WSU Extension


Annual bluegrass 
Bentgrass, creeping 
Birdfoot Trefoil 
Bittercress (Shotweed, Hairy bittercress) 
Bittersweet nightshade (European bittersweet) 
Black medic 
Blackberry (Himalayan, Evergreen, Pacific) 
Blue mustard (Purple mustard, Tenella mustard) 
Brackenfern, western 
Bull thistle 
Buttercup, creeping 
Butterfly bush 
Canada thistle 
Catchweed bedstraw (Cleavers) 
Catsear, common (False dandelion) 
Chickweed, common and mouseear 
Creeping Jenny 
Dock (Curly, Broadleaf) 
Downy brome (Cheatgrass, Downy chess) 
Dwarf mistletoes 
English daisy (Lawn daisy) 
English ivy 
Field bindweed (Wild morningglory) 
Field pennycress (Fanweed) 
Foxtail (Green, Yellow, Bristly) 
Garden loosestrife 
Giant hogweed 
Ground ivy 
Groundsel, common 
Hedge bindweed 
Herb Robert (Robert geranium, stinky Bob) 
Horsetails (Scouringrush) 
Horseweed (Marestail) 
Knotweeds (Bohemian, Giant, Japanese, Himalayan) 
Lambsquarters, common 
Lesser celandine 
Mallow, common (Cheeseweed, Buttonweed) 
Oxalis (Creeping woodsorrel) 
Parrotfeather and Eurasian watermilfoil 
Plantain (Broadleaf, Buckhorn) 
Poison hemlock 
Poison ivy and Poison oak 
Prickly lettuce (China lettuce) 
Prostrate knotweed 
Puncturevine (Tackweed, Goathead) 
Purple deadnettle (Red deadnettle) 
Purple loosestrife (Purple lythrum) 
Purslane, common 
Red sorrel (Sheep sorrel) 
Redroot pigweed (Rough pigweed) 
Redstem filaree (Stork's bill, Crane's bill) 
Reed canarygrass 
Russian thistle (Tumbleweed) 
Ryegrass, annual (Italian ryegrass) 
Salsify (Goatsbeard) 
Scotch broom 
Sowthistle, annual and perennial 
Spurges (Prostrate spurges) 
St. Johnswort, common (Goatweed, Klamathweed) 
Stinging nettle 
Tansy ragwort 
Tumblemustard (Jim Hill mustard) 
Velvetgrass (Common velvetgrass) 
Water primrose 
Waterhemlock, western 
Wild carrot (Queen Anne's lace) 
Yellow nutsedge 

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Caption: Poison ivy leaves
Photo by: J.A. Kropf
Weeds : Poison ivy and Poison oak : Toxicodendron spp. (Rhus spp.)
(revision date: 4/7/2021)

Family: Anacardiaceae
Cycle: Perennial
Plant Type: Broadleaf

Use Integrated Pest Management (IPM) for successful weed management.

Western poison ivy (Toxicodendron rydbergii) is a woody shrub or occasionally a climbing woody vine that may reach 3 to 9 feet. Pacific poison oak (T. diversilobum) is a woody vine reaching several yards in length, or occasionally a shrub to 6 feet. Leaves of both consist of three leaflets on a long petiole. The two side leaflets have short stalks, the center leaflet has a longer stalk. While poison ivy leaflets are sharply pointed at the tips, poison oak leaflets have wavy or lobed margins with rounded tips and lateral leaflets may lack stalks. Young leaves are shiny red, while older leaves are glossy green. Leaf undersides are lighter green with a coat of velvety hairs. The foliage is strikingly colored in the fall. Flowers occur in clusters on slender stems in the axils of the alternate leaves. The greenish-white blossoms are about 1/4 inch across. The ridged, berrylike fruits are greenish and resemble tiny pumpkins when immature. At maturity, they are cream-colored to whitish, reaching about 1/4 inch across. Plants reproduce by seeds and creeping root systems. SPECIAL INFORMATION: An irritant oil is present in all parts of the plant, including the roots. The oil is also present in dried plant tissues. Contact may result in a severe skin rash. Wash with COLD water and soap after contact. Smoke from burning plants may also carry the oil. Avoid contact or inhalation of smoke.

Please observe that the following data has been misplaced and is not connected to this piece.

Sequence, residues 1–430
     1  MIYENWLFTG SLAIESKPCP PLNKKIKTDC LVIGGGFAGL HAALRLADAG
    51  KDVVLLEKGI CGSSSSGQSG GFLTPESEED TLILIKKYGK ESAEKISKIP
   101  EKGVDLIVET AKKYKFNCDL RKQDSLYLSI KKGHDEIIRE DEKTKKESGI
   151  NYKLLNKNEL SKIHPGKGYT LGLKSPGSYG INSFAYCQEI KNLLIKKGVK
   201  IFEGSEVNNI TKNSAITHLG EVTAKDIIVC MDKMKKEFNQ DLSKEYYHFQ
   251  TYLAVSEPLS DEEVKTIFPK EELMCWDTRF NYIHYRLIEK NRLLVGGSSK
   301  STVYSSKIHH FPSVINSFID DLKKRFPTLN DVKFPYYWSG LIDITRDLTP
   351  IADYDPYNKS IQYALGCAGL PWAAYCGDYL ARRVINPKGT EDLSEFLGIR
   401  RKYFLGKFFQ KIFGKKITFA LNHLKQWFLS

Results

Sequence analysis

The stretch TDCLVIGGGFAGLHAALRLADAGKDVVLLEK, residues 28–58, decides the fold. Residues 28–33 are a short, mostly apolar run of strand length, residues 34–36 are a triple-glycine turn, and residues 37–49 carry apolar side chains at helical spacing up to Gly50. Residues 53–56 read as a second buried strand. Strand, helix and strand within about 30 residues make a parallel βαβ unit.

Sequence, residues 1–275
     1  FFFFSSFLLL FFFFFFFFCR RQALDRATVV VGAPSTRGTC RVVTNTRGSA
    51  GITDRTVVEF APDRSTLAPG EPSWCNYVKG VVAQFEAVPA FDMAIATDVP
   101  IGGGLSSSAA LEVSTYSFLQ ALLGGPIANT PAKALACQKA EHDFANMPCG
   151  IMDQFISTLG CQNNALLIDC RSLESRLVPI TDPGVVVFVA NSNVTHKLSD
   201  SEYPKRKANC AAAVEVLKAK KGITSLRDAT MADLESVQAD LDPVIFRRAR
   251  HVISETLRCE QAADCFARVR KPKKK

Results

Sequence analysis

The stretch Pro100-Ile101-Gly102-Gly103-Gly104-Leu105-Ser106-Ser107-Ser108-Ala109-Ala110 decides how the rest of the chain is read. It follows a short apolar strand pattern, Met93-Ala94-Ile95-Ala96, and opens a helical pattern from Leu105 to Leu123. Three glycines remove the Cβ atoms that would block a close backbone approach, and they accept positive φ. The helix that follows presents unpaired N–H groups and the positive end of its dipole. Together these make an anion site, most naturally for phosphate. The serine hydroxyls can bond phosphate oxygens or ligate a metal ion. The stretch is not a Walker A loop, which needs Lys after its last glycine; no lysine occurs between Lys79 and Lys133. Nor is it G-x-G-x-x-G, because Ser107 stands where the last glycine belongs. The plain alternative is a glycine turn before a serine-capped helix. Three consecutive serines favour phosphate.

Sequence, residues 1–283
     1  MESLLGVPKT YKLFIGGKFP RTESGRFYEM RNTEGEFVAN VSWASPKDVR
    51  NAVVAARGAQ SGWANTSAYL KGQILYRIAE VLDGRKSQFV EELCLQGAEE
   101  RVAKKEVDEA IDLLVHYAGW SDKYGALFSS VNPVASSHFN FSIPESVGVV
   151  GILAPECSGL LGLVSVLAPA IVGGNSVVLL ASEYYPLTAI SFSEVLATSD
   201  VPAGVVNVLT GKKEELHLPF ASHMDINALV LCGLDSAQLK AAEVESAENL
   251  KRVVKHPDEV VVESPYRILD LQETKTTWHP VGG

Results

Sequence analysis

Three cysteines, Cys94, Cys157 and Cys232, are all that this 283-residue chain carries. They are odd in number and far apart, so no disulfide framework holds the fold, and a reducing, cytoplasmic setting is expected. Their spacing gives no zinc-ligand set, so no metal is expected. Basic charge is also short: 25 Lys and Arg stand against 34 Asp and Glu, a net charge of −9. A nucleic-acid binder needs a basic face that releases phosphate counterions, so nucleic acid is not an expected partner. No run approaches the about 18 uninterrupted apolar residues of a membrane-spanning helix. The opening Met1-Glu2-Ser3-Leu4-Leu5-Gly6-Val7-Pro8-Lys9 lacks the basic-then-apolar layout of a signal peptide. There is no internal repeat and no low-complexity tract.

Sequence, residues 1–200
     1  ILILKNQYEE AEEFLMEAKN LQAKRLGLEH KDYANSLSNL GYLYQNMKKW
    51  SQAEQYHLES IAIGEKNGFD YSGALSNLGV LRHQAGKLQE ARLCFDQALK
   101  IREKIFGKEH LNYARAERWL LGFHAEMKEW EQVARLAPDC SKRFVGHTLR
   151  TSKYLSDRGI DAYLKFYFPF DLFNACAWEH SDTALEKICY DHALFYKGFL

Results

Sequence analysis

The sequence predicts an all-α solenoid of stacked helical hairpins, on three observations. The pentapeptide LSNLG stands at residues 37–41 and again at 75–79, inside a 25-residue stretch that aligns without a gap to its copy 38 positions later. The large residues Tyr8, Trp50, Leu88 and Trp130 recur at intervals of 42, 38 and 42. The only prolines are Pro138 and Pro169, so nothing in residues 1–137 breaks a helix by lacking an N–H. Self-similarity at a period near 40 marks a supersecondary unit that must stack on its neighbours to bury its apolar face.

Poison ivy and poison oak are commonly found in moist places, and along roadsides, railroads, and fencerows. While poison oak is more common west of the Cascades, poison ivy is found mostly east of the Cascades.

Management Options

Non-Chemical Management
None recommended
Select non-chemical management options as your first choice!

Chemical Management

Apply according to label instructions when plants are actively growing. Use glyphosate products for spot treatments only! NOTE: Some ingredients listed here are only available in combination. Read the label carefully on combination products to make sure the product is suitable for your specific situation.

Landscape areas
  • glyphosate
  • products containing triclopyr
Turf areas
  • triclopyr
Bare ground areas
  • glyphosate
  • triclopyr

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Caption: Poison ivy leaves
Photo by: J.A. Kropf
Caption: Poison ivy
Photo by: J.A. Kropf